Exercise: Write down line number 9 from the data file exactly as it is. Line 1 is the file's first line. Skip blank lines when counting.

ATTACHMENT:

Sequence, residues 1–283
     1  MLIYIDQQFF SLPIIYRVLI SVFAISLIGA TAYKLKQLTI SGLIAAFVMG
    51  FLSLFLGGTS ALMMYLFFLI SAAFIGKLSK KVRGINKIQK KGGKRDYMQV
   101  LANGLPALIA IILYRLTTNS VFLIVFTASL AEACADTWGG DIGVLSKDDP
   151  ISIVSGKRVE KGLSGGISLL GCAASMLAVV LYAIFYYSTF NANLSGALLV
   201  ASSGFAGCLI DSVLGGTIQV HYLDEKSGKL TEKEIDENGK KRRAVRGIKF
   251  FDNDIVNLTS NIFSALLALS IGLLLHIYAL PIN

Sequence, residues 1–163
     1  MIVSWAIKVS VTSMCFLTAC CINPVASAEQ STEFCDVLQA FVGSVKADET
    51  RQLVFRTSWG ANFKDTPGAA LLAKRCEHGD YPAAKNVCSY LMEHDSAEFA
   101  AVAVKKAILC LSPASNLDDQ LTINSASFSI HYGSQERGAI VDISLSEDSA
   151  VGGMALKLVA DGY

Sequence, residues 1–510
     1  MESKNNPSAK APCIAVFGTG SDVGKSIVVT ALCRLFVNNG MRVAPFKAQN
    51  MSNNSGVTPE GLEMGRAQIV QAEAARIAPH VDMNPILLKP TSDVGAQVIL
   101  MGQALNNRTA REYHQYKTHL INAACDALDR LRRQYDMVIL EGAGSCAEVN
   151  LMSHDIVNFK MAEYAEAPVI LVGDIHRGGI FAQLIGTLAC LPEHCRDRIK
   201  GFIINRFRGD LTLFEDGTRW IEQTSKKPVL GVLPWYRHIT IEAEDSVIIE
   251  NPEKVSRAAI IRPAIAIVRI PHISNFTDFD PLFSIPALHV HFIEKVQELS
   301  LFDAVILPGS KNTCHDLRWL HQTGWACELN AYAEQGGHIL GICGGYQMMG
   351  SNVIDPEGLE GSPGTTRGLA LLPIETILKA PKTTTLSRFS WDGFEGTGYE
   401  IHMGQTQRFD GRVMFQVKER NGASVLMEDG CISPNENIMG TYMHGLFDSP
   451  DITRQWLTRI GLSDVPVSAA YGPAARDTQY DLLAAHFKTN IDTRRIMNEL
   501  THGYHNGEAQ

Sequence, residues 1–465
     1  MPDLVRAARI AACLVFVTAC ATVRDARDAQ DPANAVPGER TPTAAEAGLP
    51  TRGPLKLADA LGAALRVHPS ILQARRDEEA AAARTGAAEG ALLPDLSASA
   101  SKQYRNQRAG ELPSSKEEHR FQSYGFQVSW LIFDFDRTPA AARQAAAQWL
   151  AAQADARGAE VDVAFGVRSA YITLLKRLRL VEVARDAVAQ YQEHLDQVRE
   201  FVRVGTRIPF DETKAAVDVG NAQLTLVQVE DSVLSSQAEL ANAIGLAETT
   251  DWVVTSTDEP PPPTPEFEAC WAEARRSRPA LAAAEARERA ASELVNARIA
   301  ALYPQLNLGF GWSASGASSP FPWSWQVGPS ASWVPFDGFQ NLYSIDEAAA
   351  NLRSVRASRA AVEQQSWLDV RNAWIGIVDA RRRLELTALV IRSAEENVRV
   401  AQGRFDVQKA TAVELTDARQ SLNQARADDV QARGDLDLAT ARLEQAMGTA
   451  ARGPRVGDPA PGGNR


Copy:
     1  MIVSWAIKVS VTSMCFLTAC CINPVASAEQ STEFCDVLQA FVGSVKADET